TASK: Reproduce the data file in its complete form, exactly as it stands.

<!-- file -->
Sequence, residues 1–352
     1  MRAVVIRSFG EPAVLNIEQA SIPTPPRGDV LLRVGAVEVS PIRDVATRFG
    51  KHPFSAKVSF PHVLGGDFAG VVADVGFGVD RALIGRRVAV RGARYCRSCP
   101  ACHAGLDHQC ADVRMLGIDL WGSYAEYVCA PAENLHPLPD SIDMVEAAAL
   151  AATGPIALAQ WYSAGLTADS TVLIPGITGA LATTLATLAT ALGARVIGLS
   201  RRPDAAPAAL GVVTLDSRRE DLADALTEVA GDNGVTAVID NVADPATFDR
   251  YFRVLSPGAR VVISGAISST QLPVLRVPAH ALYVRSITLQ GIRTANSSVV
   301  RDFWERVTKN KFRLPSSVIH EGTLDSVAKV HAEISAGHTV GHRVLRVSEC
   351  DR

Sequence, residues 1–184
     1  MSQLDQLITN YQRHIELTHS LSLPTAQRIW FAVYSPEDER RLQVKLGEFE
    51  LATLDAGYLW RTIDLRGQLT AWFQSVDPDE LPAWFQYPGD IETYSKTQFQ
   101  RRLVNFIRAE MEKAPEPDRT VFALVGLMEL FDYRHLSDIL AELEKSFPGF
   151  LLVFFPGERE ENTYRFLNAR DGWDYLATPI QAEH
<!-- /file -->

Sequence, residues 1–352
     1  MRAVVIRSFG EPAVLNIEQA SIPTPPRGDV LLRVGAVEVS PIRDVATRFG
    51  KHPFSAKVSF PHVLGGDFAG VVADVGFGVD RALIGRRVAV RGARYCRSCP
   101  ACHAGLDHQC ADVRMLGIDL WGSYAEYVCA PAENLHPLPD SIDMVEAAAL
   151  AATGPIALAQ WYSAGLTADS TVLIPGITGA LATTLATLAT ALGARVIGLS
   201  RRPDAAPAAL GVVTLDSRRE DLADALTEVA GDNGVTAVID NVADPATFDR
   251  YFRVLSPGAR VVISGAISST QLPVLRVPAH ALYVRSITLQ GIRTANSSVV
   301  RDFWERVTKN KFRLPSSVIH EGTLDSVAKV HAEISAGHTV GHRVLRVSEC
   351  DR

Sequence, residues 1–184
     1  MSQLDQLITN YQRHIELTHS LSLPTAQRIW FAVYSPEDER RLQVKLGEFE
    51  LATLDAGYLW RTIDLRGQLT AWFQSVDPDE LPAWFQYPGD IETYSKTQFQ
   101  RRLVNFIRAE MEKAPEPDRT VFALVGLMEL FDYRHLSDIL AELEKSFPGF
   151  LLVFFPGERE ENTYRFLNAR DGWDYLATPI QAEH